In the kitchen at Fat Molly’s, the hands of chefs flutter above sheets of marinara-cloaked dough, scattering inventive toppings such as gulf shrimp, artichokes, and boudin. Athletic events broadcast on four flat-screen TVs, augmenting the clatter of silverware with the sounds of cracking bats and mascots with their tails under rocking chairs. Drawing upon a selection of meats including fried chicken and smoked sausage, patrons design their own poor boys. Tearing into the sandwiches despite their warmth, they take swigs from 30 beer options, including Abita Purple Haze and Lazy Magnolia’s brown ale crafted from roasted pecans, which bestow the mash with earthy caramel flavors. The eatery's walls are festooned with works by local artists, ranging from a triptych of a jazz musician to an abstract of a stacked sandwich and a poignant deconstrionist piece by the back door, which reads, simply "Exit."
X-treme Burger's menu lets burger connoisseurs architect towering creations from the bun up. Adorn a half-pound beef, turkey, or veggie burger with a Carmen Miranda hat of pineapple, avocado, and onion rings, or take a less-traveled road with bacon, chipotle, and peanut butter. Beside the flock of possible toppings, the sandwiches are customizable with sesame buns, whole wheat, or texas toast, and can be drizzled with sauces such as barbecue, honey mustard, or the house X-treme sauce and served with sides such as sweet potato fries and baked macaroni. Shakes or malts provide a sweet finish for dining duets, who can also opt to feed each other spoonfuls of a classic banana split in a recreation of the Nixon-Kennedy presidential debate. Meal-seekers can also opt to apply the $12 value toward breakfast eats ($2.49–$5.49 for entrees) including short stacks of fluffy pancakes or a country breakfast of grits and eggs.
A hunk of brisket at VooDoo BBQ & Grill begins its journey suspended over a bed of pecan and oak logs. Coated in a dry rub of local spices, the meat slowly turns on a rotisserie rod for up to 16 hours, its skin crisping while the inside stays a warm pink. The chefs smoke all their beef brisket and pulled pork over logs from Louisiana-based trees to lend them the region's unique smoked flavor, even at the risk of confusing passing botanists. They lightly coat grilled sausages, chicken, and burgers in three signature sauces inspired by the state's Cajun recipes. To complement their menagerie of smoked and grilled meats, they sling a variety of southern sides such as corn pudding, greens, and potato salads. At each of the 13 locations, the aroma of roasting meat fills a space of dark-stained wood and wrought iron; dining rooms awash in a palette of reds, greens, and oranges buzz with the sounds of jazz and blues.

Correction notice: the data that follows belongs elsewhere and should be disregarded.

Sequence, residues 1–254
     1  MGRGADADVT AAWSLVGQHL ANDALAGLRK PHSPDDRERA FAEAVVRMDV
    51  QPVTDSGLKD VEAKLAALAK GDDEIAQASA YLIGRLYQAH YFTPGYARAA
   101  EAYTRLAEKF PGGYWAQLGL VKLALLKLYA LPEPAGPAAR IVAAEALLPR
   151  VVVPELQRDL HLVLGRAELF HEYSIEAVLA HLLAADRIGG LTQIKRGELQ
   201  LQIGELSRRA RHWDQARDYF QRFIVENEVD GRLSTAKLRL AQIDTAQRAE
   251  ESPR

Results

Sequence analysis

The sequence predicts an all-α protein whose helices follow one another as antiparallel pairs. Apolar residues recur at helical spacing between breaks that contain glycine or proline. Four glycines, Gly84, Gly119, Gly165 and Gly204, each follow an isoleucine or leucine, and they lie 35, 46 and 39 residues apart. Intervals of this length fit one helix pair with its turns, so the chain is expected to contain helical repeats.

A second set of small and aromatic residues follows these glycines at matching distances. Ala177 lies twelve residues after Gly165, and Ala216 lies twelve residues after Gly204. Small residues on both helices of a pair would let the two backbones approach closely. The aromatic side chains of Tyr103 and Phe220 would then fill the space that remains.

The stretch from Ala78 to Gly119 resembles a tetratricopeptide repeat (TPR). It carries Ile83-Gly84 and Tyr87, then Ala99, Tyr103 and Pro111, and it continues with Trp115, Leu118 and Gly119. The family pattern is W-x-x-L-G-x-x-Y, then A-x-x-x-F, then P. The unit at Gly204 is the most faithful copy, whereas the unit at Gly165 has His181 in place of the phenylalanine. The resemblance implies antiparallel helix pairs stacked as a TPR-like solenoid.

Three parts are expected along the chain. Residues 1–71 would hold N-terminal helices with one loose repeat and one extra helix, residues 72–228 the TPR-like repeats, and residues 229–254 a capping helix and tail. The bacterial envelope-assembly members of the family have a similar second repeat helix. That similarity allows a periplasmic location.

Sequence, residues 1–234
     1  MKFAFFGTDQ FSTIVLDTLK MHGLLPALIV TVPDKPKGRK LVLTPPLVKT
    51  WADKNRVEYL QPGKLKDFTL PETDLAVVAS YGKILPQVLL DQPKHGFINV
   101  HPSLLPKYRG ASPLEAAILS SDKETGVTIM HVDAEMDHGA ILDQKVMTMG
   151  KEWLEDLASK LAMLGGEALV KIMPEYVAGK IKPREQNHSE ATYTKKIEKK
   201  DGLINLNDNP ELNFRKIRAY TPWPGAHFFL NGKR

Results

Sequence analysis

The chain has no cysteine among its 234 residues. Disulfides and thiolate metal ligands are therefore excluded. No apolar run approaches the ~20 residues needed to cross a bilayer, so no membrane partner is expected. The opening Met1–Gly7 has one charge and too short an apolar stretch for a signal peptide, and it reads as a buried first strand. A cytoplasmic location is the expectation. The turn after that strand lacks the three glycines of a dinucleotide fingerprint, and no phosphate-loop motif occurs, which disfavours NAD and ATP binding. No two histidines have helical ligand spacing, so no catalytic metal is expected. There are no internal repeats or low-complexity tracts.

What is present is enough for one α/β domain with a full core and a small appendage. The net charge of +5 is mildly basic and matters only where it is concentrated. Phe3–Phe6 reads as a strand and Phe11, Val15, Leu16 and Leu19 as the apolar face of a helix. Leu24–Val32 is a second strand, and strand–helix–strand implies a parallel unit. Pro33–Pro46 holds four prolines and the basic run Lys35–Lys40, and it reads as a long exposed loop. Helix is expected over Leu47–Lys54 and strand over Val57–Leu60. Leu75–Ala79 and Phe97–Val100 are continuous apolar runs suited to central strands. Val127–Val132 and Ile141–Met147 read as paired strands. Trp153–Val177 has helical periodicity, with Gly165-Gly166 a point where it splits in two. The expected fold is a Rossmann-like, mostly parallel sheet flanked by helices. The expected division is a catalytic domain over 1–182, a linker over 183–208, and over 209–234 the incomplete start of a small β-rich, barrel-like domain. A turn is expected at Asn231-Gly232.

Café D’Cappuccino’s staff serves up café meals from breakfast to dinner, preparing frozen coffee, iced cappuccinos, and chai teas along the way. At breakfast, the shrimp and grits special combines pepper-grilled shrimp with gooey cheddar cheese and a sprinkling of chives, while lunchtime diners can dig into the stacks of toasty bread and bacon inside towering club sandwiches. Sautéed shrimp rear their heads again in the shrimp grand isle quesadilla, where they occupy a tortilla packed with cheddar, cilantro, onions, and mushrooms.
To assemble their signature oyster burger, Huckleberry's chefs layer a soft brioche bun with a half-pound beef patty and a generous serving of fried oysters. Meanwhile, the fry cook deep-fries chicken and seafood as the head chef slices up onions for colossal, crispy onion rings. For dessert, the food guru's whip up their specialty—a warm bread pudding.
As the culinary masterminds craft po' boys, pasta, and Cajun seafood dishes in the kitchen, servers ferry plates to tables in the casual dining room. Televisions in the bar glimmer with sports-related entertainment—from the local football team's latest game to the local football team's most recent production of Fiddler on the Roof.
Held's Kitchen is exactly what you'd want a New Orleans restaurant to be. The cooks here specialize in Cajun and Creole dishes, such as shrimp or catfish po' boys, crawfish boils, seafood gumbo, and specials like red beans and rice with smoked sausage. But even if you're not looking for some Lousiana-style spice, Held's cooks have you covered?they're just as adept at whipping up American comfort food classics such as cheeseburgers, grilled chicken sandwiches, and even baked macaroni.